Transgender Day of Visibility rallies held amid backlash
MONTPELIER, Vt. (AP) — Thousands of people rallied across the country Friday as part of a Transgender Day of Visibility in support of the rights of transgender people and their resilience amid what many denounced as an increasingly hostile environment.
Supporters of transgender rights converged on statehouses nationwide, at the Capitol Reflecting Pool in Washington, D.C., and at other venues to mark a day of unity first proclaimed more than a decade ago.
Chanting, “We’re here, we’re queer, get used to it!” many at the statehouse in Montpelier, Vermont, draped themselves in pride flags or carried posters with messages like “yay gay” or “protect trans kids.”
Transgender youth as young as middle-school age stood in front of the Vermont crowd and told of their struggles with their sexuality at a time when many people across the country refuse to acknowledge them.
Charlie Draugh, a 17-year-old high school senior from Chisago, Minnesota, who attends a boarding school in Vermont, said he was angry that groups are trying to control his life and turn him into a political pawn.
“My life is not your debate,” Draugh said. “It is not a political issue. I am not hurting anyone and I am certainly not hurting myself.”
The rallies came as Republican lawmakers across the U.S. have pursued hundreds of proposals this year to push back on LGBTQ+ rights, particularly those of transgender residents, including banning transgender girls from girls’ sports, keeping transgender people from using restrooms in line with their gender identities and requiring schools to deadname transgender students — requiring they be identified by names they were given at birth.
“We’re not a new idea. We’re not a new group,” said Penelope Torres, who traveled from Chicago to Washington, D.C., where more than 1,000 people marched from Union Station to the reflecting pool. “We have always been here, we’ve always been part of the communities and it’s time to start recognizing that and to give us equal protections.”
At least 11 states have now enacted laws restricting or banning gender-affirming care for minors: Alabama, Arkansas, Arizona, Georgia, Iowa, Kentucky, Mississippi, Tennessee, Utah, South Dakota and West Virginia. Federal judges have blocked enforcement of laws in Alabama and Arkansas, and nearly two dozen states are considering bills this year to restrict or ban care.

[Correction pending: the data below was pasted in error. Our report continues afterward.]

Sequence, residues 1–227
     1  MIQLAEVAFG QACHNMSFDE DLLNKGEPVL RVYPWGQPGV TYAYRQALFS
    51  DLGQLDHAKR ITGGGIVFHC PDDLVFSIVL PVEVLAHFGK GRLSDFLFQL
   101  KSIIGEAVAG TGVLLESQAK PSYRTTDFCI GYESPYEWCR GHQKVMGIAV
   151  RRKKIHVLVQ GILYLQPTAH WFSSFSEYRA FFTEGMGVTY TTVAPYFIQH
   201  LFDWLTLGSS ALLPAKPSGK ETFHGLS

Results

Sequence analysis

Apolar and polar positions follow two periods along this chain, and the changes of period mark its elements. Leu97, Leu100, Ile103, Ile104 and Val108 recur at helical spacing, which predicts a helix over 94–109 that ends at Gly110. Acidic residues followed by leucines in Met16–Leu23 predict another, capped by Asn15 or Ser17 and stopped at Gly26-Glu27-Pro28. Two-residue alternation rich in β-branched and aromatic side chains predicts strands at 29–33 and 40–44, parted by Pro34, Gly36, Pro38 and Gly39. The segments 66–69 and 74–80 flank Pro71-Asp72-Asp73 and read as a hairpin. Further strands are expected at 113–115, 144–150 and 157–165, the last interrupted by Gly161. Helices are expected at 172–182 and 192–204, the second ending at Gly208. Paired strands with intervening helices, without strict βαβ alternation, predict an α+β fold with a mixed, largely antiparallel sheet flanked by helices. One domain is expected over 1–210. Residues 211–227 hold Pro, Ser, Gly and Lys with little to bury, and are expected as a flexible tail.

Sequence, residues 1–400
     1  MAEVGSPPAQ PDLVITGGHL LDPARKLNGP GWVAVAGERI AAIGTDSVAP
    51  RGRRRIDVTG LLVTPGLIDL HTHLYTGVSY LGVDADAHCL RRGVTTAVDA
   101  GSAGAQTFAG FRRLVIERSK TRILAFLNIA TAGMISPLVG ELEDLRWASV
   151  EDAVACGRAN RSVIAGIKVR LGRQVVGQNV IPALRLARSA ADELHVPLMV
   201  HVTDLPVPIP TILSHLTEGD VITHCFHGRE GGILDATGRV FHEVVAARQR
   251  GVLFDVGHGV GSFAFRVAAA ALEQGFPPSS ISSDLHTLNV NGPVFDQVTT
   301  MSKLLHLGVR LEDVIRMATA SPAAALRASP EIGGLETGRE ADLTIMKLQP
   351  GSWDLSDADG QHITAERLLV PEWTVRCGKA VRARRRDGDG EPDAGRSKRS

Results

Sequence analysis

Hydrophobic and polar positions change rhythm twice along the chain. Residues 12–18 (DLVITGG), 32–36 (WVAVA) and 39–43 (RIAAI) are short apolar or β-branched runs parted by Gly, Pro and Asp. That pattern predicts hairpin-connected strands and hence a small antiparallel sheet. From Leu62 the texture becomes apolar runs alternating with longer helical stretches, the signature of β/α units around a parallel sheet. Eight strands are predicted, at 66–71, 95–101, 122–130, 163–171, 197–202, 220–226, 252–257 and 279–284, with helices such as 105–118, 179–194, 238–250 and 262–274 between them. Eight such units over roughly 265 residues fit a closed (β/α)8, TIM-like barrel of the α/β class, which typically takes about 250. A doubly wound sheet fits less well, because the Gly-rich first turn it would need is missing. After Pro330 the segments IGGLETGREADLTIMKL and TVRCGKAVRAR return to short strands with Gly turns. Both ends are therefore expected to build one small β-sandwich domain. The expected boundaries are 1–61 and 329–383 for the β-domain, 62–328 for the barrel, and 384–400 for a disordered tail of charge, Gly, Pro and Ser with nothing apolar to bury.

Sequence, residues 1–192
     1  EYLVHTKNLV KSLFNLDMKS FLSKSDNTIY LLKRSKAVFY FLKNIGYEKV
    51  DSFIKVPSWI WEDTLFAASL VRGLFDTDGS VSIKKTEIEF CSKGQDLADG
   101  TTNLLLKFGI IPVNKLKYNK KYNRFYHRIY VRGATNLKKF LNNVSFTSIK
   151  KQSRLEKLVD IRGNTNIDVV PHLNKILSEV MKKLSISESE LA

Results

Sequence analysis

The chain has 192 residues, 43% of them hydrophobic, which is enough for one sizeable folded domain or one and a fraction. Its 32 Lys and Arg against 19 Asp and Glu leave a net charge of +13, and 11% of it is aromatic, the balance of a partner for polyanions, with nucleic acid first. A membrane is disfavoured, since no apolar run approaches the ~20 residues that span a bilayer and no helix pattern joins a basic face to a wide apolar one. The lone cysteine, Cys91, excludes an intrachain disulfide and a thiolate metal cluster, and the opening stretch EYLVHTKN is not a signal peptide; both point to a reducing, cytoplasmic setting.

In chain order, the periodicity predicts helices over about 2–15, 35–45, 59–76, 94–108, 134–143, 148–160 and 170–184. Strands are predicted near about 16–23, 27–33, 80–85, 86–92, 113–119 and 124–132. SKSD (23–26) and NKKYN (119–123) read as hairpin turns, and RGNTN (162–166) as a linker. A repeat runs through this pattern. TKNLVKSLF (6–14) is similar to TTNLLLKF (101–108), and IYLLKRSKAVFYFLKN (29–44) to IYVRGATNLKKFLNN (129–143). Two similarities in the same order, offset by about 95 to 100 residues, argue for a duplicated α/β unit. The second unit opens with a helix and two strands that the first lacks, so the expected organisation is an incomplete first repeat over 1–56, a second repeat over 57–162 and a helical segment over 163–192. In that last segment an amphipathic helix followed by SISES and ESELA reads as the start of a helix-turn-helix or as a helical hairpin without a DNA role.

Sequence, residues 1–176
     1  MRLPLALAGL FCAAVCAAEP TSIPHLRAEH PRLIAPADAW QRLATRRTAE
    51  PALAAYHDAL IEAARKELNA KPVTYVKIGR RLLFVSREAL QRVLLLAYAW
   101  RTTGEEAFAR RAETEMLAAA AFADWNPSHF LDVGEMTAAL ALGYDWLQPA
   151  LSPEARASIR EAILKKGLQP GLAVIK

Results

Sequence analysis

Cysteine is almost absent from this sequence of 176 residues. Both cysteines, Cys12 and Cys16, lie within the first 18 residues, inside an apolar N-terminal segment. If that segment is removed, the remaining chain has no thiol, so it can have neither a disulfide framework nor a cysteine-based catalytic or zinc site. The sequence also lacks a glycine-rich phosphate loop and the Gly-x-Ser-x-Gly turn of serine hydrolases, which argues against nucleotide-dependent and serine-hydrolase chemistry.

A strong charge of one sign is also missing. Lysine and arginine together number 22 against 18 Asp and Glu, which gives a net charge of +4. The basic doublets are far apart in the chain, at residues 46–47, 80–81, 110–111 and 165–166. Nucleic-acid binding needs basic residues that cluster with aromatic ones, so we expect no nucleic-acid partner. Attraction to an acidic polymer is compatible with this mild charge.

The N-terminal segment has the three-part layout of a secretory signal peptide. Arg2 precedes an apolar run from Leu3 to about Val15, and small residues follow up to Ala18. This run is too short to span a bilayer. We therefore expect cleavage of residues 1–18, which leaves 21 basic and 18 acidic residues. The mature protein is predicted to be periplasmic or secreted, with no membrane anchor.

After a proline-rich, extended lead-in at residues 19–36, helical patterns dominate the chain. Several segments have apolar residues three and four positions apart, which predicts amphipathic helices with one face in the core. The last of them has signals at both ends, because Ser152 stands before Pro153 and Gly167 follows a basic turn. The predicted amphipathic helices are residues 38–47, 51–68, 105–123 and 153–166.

On Friday, President Joe Biden issued a statement supporting Transgender Day of Visibility. The president said transgender Americans deserve to be safe and supported in every community. He denounced what he called hundreds of hateful and extreme state laws that target transgender kids and their families.
”Let me be clear: These attacks are un-American and must end,” Biden’s statement said. “The bullying, discrimination, and political attacks that trans kids face have exacerbated our national mental health crisis.”
Dana Kaplan, the executive director of Outright Vermont, which helped sponsor Friday’s event at the Vermont Statehouse, said the level of targeted hate for transgender youth is unprecedented.
“There are over 450 bills right now that are specifically targeting the LGBTQ community and trying to strip trans kids of their right to exist — when it comes down to it, their rights to play sports, their right to gender affirming health care,” Kaplan said. “These are sort of basic pillars of what we all need to be able to live our lives and and for trans young people, they are having to shoulder way more than any young person ever should.”
International Transgender Day of Visibility was created in 2010 by an advocate who decried that most media coverage focused on anti-transgender violence rather than the positive contributions to society made by transgender people, according to advocacy group GLAAD. Advocates say it’s important to improve transgender visibility because many voters and policymakers take actions that impact transgender people’s lives without knowing a transgender person.
Aspen Overy, 19, of Burlington, who came out as transgender a couple of years ago, said they attended the Montpelier rally to show support for other trans people.
“I think there’s this myth of Vermont as like this lovely, perfect little state,” Overy said. “But as many of the trans kids said today… those kids still frequently face so much hatred and discrimination for being, for living their lives and that’s not okay.”
Overy, a student at the University of Vermont, said they hoped the rally would make it easier to support each other and build community among transgender people in Vermont.
“In addition, I think it also provides a place for these people to feel seen, which is so essential, and to feel welcomed,” Overy said.
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